Seven Types Of Sugar That Are Used In Sugar Art

Anyone wanting to explore or master sugar art needs to know about the variety of different types of sugar that can be used. Different types of sugar can be used to create different effects. Using numerous sugar varieties makes it possible to use a much wider variety of forms and decorating techniques.

The following are seven types of sugar that are commonly used in sugar art. 

Rock sugar

When rock sugar is produced, heated and liquefied sugar is mixed with a relatively small quantity of icing. Mixing these two ingredients causes the mixture to expand quickly. 

The mixture is put into a dish, and then it is cooled using a blast chiller. The resulting sugar form looks something like pumice. 

Pressed sugar

Pressed sugar is created using granulated sugar that is combined with water. Then, the mixture is compressed so that it hardens. Pressed sugar is commonly used to create a base for a sculpture of sugar art. 

Pulled sugar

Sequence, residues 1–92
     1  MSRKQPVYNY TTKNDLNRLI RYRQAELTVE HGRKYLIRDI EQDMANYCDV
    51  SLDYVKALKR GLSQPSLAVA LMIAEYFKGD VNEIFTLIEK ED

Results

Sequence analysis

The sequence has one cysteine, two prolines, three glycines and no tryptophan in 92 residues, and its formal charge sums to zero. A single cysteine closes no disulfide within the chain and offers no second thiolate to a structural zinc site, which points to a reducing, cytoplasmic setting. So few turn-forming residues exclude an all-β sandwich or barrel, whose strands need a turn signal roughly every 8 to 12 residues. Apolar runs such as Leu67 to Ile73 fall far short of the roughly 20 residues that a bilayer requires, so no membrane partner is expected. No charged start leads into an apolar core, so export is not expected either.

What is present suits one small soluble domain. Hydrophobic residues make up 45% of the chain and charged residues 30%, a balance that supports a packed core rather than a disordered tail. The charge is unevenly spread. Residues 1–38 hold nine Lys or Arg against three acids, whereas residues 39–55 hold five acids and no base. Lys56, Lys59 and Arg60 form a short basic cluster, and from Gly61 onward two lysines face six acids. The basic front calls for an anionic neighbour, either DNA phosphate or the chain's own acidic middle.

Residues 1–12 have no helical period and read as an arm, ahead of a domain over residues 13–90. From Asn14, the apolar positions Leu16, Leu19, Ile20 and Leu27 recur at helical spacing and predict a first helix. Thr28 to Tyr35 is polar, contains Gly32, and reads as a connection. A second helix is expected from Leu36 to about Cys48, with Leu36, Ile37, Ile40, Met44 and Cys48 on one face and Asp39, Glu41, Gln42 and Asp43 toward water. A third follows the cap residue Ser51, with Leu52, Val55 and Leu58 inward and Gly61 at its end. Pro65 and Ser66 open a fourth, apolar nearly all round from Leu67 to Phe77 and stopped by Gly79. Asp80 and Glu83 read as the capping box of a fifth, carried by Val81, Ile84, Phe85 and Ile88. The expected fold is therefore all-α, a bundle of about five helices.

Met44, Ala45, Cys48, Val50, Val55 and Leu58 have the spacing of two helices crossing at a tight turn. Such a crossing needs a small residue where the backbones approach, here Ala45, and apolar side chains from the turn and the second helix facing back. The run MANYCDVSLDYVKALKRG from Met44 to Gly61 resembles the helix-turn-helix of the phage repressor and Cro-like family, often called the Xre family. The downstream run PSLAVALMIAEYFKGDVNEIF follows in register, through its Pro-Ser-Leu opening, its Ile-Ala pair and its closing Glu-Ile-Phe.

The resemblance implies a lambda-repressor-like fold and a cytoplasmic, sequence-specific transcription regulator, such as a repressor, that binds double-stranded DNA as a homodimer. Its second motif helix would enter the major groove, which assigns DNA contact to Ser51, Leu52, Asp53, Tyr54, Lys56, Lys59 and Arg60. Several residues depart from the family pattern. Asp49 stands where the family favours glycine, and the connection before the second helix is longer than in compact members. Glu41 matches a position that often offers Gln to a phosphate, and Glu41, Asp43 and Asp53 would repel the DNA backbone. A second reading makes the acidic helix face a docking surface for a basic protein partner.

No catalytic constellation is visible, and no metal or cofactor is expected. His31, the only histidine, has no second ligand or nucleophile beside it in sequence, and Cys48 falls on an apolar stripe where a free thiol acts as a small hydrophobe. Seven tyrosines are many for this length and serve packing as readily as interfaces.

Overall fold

Pulled sugar is produced by cooling sugar until it is heated to a liquid form. Then, the liquid sugar is poured out over a mat made from rubber. The sugar can then be colored. Then, the sugar is folded so that air is trapped within it. This creates sugar forms with a distinct shine on their surface.

After this process, pulled sugar can then be sculpted into the shapes the artist desires. 

Blown sugar

Blown sugar is frequently used to create sugar art in complex shapes like in the shape of flowers or animals. Blown sugar is produced by putting heated pulled sugar onto rubber pump tools. Then, the sugar is shaped while it is blown using the pump. 

Afterward, the sugar form needs to be cooled down. This is typically done through the use of cooling fans.

Spun sugar

Sugar artists use spun sugar to create forms composed of thin strands. These forms are convenient for shaping sugar into objects like bird nests. 

Spun sugar is made by taking sugar syrup and using a special tool to flick the sugar over pipe forms. 

Cast sugar

To create cast sugar, liquid sugar needs to be placed within molds. When left in the molds, the sugar will harden into cast sugar. Cast sugar consists of thick and sturdy sugar forms. 


Pastillage is made when a mixture of water, gelatin, and confectioner's sugar is worked into a thick paste. This paste is then put in molds. The mixture will then harden. The resulting pastillage can then be shaped by hand or with tools like sandpaper or grinder tools.